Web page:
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oil well file photo

An oil pump jack works at a North Dakota oil well site.

A North Dakota agency is attempting to collect millions in oil and gas royalty payments it says are owed to the state.

But the exact amounts owed to the Department of Trust Lands is unknown as companies have resisted providing information to the state, the state Land Commissioner said Thursday.

The Board of University and School Lands met in a closed-door executive session for more than 30 minutes Thursday to discuss with attorneys an ongoing dispute with the oil industry. The disagreement began after the department discovered during a recent audit that some companies took improper deductions for transportation, processing and other costs on royalties owed to the state.

The North Dakota Petroleum Council disagrees with the department's interpretation of the leases, which date back to 1979, arguing the department is drastically changing its policy.

“This is going to be in litigation,” Ron Ness, president of the industry group, said Thursday. “It’s obviously a huge issue.”

Of the 19 operators the department has audited for the years 2012 through 2014, 10 companies incorrectly paid the state royalties on oil production and 15 companies incorrectly paid royalties on natural gas production, said Taylor Lee, director of revenue compliance for the Department of Trust Lands.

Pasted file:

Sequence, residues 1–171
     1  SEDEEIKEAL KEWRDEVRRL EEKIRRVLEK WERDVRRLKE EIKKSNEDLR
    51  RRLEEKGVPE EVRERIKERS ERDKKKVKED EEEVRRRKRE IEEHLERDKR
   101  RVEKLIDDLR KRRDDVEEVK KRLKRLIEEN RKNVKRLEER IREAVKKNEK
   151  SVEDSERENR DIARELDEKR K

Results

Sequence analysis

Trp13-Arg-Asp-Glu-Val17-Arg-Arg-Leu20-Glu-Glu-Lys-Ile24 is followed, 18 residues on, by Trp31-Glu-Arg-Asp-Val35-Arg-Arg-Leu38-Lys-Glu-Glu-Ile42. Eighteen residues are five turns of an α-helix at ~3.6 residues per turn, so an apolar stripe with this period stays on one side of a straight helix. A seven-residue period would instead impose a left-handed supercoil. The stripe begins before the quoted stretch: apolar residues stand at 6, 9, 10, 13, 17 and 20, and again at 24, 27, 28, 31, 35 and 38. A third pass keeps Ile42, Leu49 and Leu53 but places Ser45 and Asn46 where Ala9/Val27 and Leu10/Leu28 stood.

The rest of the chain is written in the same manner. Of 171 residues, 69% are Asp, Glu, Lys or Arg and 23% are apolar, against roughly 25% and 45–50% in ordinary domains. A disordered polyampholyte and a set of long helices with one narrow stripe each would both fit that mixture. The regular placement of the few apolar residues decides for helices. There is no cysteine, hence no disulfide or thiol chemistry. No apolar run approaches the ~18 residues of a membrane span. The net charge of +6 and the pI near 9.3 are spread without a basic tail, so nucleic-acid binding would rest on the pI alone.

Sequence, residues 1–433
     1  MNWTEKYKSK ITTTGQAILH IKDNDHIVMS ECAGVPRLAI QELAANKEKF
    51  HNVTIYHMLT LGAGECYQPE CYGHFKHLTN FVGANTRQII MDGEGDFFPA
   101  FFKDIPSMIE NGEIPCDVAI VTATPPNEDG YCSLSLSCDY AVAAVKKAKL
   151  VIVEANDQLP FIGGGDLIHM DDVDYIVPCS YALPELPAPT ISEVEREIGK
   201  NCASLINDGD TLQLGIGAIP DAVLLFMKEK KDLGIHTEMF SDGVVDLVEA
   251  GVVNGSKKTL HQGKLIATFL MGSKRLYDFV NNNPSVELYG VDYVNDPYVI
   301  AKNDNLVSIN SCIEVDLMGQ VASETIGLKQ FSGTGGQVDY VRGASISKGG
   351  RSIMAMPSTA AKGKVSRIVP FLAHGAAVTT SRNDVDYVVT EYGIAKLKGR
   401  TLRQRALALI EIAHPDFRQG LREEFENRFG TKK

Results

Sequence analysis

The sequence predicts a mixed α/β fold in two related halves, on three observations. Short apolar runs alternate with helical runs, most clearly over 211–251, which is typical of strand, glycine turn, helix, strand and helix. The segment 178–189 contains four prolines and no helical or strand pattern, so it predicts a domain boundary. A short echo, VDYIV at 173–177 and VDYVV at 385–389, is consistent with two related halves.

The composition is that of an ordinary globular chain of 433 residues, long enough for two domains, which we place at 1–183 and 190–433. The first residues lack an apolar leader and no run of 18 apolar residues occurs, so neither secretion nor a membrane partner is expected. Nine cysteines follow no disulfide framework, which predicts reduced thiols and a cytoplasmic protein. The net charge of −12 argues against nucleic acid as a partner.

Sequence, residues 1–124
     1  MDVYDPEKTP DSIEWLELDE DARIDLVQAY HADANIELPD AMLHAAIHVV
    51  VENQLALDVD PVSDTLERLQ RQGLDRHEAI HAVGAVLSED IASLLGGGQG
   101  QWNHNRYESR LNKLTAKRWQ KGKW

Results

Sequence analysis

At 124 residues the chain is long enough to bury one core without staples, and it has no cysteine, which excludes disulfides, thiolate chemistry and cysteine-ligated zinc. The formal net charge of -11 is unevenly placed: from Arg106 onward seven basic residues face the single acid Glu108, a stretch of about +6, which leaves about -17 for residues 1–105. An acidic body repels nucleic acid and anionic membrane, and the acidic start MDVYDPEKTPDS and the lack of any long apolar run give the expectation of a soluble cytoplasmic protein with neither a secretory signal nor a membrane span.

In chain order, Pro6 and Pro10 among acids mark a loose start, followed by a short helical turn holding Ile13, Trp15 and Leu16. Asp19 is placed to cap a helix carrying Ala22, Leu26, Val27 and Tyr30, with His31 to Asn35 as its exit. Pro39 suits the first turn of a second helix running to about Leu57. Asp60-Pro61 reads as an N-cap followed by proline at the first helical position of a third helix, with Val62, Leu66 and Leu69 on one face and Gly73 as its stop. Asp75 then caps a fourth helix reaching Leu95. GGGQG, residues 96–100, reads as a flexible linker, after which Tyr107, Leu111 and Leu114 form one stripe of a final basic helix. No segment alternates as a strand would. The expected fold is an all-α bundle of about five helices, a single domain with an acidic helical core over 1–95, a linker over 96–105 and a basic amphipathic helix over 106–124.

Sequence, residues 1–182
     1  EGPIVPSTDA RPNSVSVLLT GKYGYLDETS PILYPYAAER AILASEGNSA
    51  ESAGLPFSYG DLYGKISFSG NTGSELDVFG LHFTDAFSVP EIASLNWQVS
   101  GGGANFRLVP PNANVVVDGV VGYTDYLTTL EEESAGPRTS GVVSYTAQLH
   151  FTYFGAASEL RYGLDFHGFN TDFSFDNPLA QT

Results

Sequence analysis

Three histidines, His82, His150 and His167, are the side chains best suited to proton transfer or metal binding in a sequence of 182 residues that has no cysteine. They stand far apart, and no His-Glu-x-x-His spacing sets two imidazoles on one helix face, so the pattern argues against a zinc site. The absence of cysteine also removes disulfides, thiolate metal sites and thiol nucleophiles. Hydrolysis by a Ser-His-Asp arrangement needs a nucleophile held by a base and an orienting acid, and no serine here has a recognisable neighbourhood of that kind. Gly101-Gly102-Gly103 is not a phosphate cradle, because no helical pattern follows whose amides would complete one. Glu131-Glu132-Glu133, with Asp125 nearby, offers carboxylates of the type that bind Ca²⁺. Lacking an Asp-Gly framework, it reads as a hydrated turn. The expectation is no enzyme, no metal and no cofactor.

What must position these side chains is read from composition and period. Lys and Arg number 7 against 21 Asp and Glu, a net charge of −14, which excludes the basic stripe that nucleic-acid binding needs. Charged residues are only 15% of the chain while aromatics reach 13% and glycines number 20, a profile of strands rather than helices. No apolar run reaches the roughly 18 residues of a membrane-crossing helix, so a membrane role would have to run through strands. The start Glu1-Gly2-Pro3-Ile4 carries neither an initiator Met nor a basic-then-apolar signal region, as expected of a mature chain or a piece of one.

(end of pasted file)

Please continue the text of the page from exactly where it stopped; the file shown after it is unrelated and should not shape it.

The amount of money owed to the state, which benefits trusts such as the Common Schools Trust Fund, is still being determined, but Land Commissioner Lance Gaebe said it’s in the millions.

Gaebe told members of the Land Board the audit process doesn’t have teeth and is being slowed by “a growing resistance for information” from some oil companies. To review whether the operators took improper deductions, the state needs to request information from companies to find out how they made their royalty calculations.

Some companies improperly deducted expenses such as transportation and processing costs from royalty payments, the Land Department says.

Of those audited, the companies that paid correctly contributed an estimated $20 million to $45 million more than they would have if they calculated payments incorrectly, Lee estimated for the years 2012 through 2017.

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Gov. Doug Burgum, who leads the board, said, following the executive session, the board gave Gaebe guidance on next steps but did not take formal action.

The oil industry argues that the Land Department’s interpretation of the leases would deter investments in gas processing plants, pipelines and other infrastructure to capture natural gas and reduce flaring.

Attorney General Wayne Stenehjem, also a member of the board, said he’d like the group to analyze whether the policy set in the 1979 leases is still a good policy or if it deters development under today’s conditions.

The board also includes Secretary of State Al Jaeger, State Treasurer Kelly Schmidt and Superintendent of Public Instruction Kirsten Baesler.

Some board members emphasized the importance of uniformly enforcing the leases.

“Under our trust responsibility, we don’t have any choice but to collect based on what our leases say,” Stenehjem said.

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(Reach Amy Dalrymple at 701-250-8267 or